Content Search WebParts allows designers to extend the previous approach while gaining access to significantly more styling options.
Using this approach, designers effectively create their own WebParts that are connected to SharePoint content lists and add them to the site. These custom controls give the designer access via display templates to control the HTML markup that is rendered. The level of effort has increased as this method requires more web design skills than before, but in exchange you get a much more visually pleasing result.
Another advantage of this approach is that with a little training, site admins can learn how to leverage these content search parts. Once they are created, non-IT admins can reuse these controls elsewhere on the site. The pages continue to remain dynamic since the components are still connected to the SharePoint lists.
The obvious question is why the yellow coloring for administration then? Mercury has found through our experience that these components rely on behind-the-scenes indexing that SharePoint does to make the data available to the control. This means that when a new item is added or modified in SharePoint, it will not be immediately visible on the control. Once the SharePoint index process picks up that content and puts it in the index, then it is available for display. In the real world, we have seen this take anywhere from a few minutes to almost 24 hours depending on the site. We have found that even a short delay can cause frustration for admin users who can’t see the immediate impact of their changes.
SharePoint API (with JS & CSS)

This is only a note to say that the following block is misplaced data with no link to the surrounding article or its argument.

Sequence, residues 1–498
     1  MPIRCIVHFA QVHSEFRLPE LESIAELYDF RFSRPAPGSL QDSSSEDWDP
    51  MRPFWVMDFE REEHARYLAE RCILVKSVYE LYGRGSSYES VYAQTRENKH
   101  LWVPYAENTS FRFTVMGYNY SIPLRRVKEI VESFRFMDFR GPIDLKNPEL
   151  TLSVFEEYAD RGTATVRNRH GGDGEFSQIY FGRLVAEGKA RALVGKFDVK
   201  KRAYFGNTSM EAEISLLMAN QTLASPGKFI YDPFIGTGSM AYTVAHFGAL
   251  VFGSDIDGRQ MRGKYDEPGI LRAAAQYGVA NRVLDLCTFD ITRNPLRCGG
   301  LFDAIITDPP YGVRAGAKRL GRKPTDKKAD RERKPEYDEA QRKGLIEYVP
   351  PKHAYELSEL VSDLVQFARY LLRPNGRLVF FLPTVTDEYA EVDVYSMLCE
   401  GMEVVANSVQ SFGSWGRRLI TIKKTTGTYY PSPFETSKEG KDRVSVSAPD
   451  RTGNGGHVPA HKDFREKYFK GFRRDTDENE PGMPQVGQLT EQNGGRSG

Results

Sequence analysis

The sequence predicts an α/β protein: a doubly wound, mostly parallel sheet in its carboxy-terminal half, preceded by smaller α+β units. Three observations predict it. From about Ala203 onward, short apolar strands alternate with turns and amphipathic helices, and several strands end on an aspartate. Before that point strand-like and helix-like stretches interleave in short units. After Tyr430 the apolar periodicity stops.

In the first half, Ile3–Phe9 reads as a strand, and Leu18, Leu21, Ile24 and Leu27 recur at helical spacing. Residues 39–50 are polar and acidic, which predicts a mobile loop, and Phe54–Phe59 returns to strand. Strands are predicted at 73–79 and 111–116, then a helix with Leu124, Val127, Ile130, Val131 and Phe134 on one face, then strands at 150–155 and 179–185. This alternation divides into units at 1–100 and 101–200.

For a truly custom branding experience, leveraging the SharePoint API is the way to go. This gives the site designer full control over the markup and allows for the creation of a site that approaches a full custom web page experience in appearance. Additionally, the API is not subject to the SharePoint Index limitations in the previous approach, so content changes are immediately reflected on the site.
From an effort perspective, this is the most complex approach and requires the same set of skills required to do true web development. Of course if the goal is a highly branded site the additional effort will be worth it to produce the desired results.
The drawback with this approach is that business user admins are more limited in their ability to change the site. Future changes to page layout or content types would require changing the code that renders the page. The admins no longer have the ability to reuse the components as they do with the content search web parts. On the plus side this also ensures that the integrity of the site design is maintained.
If you were waiting for the approach that had all 3 boxes green, I’m sorry to disappoint you. As with all implementation discussions, there are always trade-offs. Before selecting an approach, you need to consider your goals for the site, the amount of branding desired, how much budget and time you have available, which skillsets you have at your disposal, and the level of flexibility in making changes. Armed with those answers, my hope is that this discussion will help guide you to select the appropriate approach.